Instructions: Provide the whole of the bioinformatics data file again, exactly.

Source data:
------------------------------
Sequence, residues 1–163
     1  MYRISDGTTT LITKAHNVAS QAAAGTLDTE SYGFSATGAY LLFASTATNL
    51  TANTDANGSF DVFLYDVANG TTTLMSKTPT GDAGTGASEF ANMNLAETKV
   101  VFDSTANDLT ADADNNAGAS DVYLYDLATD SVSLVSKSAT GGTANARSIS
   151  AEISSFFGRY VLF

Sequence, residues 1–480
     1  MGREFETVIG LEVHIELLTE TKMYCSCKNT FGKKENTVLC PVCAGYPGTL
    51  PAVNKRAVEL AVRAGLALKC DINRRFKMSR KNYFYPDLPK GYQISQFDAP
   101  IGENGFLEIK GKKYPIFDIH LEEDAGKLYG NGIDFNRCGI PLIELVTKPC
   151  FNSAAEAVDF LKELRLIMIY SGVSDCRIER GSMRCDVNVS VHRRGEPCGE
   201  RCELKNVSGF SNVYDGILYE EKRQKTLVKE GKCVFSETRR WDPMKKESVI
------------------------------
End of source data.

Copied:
Sequence, residues 1–163
     1  MYRISDGTTT LITKAHNVAS QAAAGTLDTE SYGFSATGAY LLFASTATNL
    51  TANTDANGSF DVFLYDVANG TTTLMSKTPT GDAGTGASEF ANMNLAETKV
   101  VFDSTANDLT ADADNNAGAS DVYLYDLATD SVSLVSKSAT GGTANARSIS
   151  AEISSFFGRY VLF

Sequence, residues 1–480
     1  MGREFETVIG LEVHIELLTE TKMYCSCKNT FGKKENTVLC PVCAGYPGTL
    51  PAVNKRAVEL AVRAGLALKC DINRRFKMSR KNYFYPDLPK GYQISQFDAP
   101  IGENGFLEIK GKKYPIFDIH LEEDAGKLYG NGIDFNRCGI PLIELVTKPC
   151  FNSAAEAVDF LKELRLIMIY SGVSDCRIER GSMRCDVNVS VHRRGEPCGE
   201  RCELKNVSGF SNVYDGILYE EKRQKTLVKE GKCVFSETRR WDPMKKESVI